Arrow Functions in JavaScript: A simple Introduction

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Do you want to learn more about arrow functions in javascript? In this post, we will learn more about anonymous functions as the base for arrow functions, how you create arrow functions and what problems can occur by using them.

What are arrow functions in javascript?

Arrow functions are a new and shorter way to write anonymous functions. Since their introduction with ES6, they have been a big part of working with JavaScript.

One big field they are frequently used in are callback functions. Callback functions are functions that you input into another function. You can read and learn more about their use cases here.

One example for an arrow function could be this function multiplying two numbers and returning the result:

let multiply = (a,b) => a*b;

Don’t worry if you do not understand the syntax yet. We will go into more detail in a later section. But, for now, we will first look at anonymous functions because they are the basis for arrow functions!

What is an anonmyous function?

An anonymous function is a function without an assigned name. That has one big side effect. You cannot call this function by using its name!

However, you can store it inside a variable and call it by calling the variable. But why would you do that? One answer that I liked is that you can reassign the function at a later point and still call it by the variable name (stackoverflow).

The according example is:

var foo = function(a){ return a * 2; }
var bar = foo(2);

foo = function(a){ return a / 2; }

bar = foo(bar);

From this example, we can also see how to define anonymous functions:

let greeting = function(person) {
	return "Greetings" + person;
}

And also how to store it in a variable and call it at a later point.

let greeting = function(person) {
	return "Greetings" + person;
}

greeting("Peter");

Arrow functions in detail

As a short recap: Arrow functions are anonymous functions, just written differently. To illustrate that in a better way, we will transform the before-created anonymous function into an arrow function step-by-step. So, in the beginning, the anonymous function looks like this:

let greeting = function(person) {
	return "Greetings" + person;
}

To transform the function into an arrow function, we first remove the function keyword and add an arrow between the function contents and the parameter parenthesis.

let greeting = (person) => { return "Greetings" + person; }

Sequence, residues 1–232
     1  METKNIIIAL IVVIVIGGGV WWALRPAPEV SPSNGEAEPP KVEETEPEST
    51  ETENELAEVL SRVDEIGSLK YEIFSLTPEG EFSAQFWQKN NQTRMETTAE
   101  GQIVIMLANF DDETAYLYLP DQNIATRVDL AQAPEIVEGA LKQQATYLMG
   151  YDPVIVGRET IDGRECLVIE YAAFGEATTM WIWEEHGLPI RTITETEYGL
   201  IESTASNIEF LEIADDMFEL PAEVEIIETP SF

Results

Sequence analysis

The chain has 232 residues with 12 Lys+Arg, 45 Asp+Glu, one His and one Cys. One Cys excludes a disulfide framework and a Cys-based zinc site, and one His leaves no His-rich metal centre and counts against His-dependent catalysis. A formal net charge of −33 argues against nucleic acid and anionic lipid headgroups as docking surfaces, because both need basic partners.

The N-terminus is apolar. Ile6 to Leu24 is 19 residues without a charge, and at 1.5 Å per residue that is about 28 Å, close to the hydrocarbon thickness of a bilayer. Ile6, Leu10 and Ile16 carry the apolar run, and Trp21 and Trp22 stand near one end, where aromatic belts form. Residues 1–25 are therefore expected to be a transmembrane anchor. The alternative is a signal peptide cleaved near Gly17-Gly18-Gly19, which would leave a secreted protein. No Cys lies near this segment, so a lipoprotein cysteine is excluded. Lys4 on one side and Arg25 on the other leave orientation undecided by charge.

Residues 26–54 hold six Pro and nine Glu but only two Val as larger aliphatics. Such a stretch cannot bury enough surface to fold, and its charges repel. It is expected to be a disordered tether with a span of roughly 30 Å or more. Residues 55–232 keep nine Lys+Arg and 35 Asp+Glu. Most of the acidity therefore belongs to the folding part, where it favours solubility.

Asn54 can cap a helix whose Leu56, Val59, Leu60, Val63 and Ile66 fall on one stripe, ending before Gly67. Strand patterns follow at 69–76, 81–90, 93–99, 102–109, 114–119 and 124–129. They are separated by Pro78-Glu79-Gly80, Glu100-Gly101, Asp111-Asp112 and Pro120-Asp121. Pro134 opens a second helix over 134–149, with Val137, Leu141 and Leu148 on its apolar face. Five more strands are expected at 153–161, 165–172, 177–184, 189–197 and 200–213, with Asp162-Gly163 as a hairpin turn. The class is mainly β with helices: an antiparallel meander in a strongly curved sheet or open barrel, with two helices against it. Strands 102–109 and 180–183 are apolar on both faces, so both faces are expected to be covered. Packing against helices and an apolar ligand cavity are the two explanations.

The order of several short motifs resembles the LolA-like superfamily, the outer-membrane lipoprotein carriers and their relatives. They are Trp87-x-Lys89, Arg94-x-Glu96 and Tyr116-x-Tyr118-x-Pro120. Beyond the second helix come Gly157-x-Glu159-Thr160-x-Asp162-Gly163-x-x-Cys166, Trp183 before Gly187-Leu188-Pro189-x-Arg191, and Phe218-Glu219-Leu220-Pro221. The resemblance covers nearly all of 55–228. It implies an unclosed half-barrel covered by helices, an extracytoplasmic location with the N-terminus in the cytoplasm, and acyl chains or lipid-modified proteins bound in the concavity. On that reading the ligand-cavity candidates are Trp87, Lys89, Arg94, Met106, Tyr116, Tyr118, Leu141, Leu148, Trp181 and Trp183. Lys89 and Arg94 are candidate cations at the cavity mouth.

This method works for all functions!

In case your anonymous function is a one-liner, as you can see in the example above, you can simplify the syntax even more. You can remove the curly brackets and the return keyword. Removing return is possible because the arrow function without curly brackets returns the value by default. This would transform the function like this:

let greeting = (person) => "Greetings" + person;

Lastly, because this anonymous function has only one parameter (the person), you can also remove the parameter parenthesis like this:

let greeting = person => "Greetings" + person;

The differences between arrow functions and regular functions

In this last section, we will discuss the differences between arrow functions and regular functions in javascript (e.g. anonymous functions, basic functions).

The big difference is the “this” keyword. In a regular function, the keyword represents the object that called the function (e.g. the document, a button, etc.). In an arrow function, the keyword always represents the object that defined the function.

To better understand that, we have the following example:

  1. One function once as a regular function and once as a arrow function
  2. The functions are called twice, once while loading the page and once by pressing a button
let reg = function() { console.log(this); };

let arrow = () => { console.log(this); };

//The window object calls the function:
window.addEventListener("load", reg);
window.addEventListener("load", arrow);

//A button object calls the function:
document.getElementById("btn").addEventListener("click", reg);
document.getElementById("btn").addEventListener("click", arrow);

The result is:

For you, the takeaway is that the arrow functions behave differently with the “this” keyword and that you need to use a regular anonymous function if you need the normal behavior.

Conclusion

In this post, we learned everything about arrow functions in javascript, where they come from, how to create them and what problems can occur using them.

As a short recap, an arrow function is an anonymous function written in a more concise syntax.

I hope this post helped you in understanding the arrow function. If that is the case, I would love you to leave a comment and subscribe to my newsletter!

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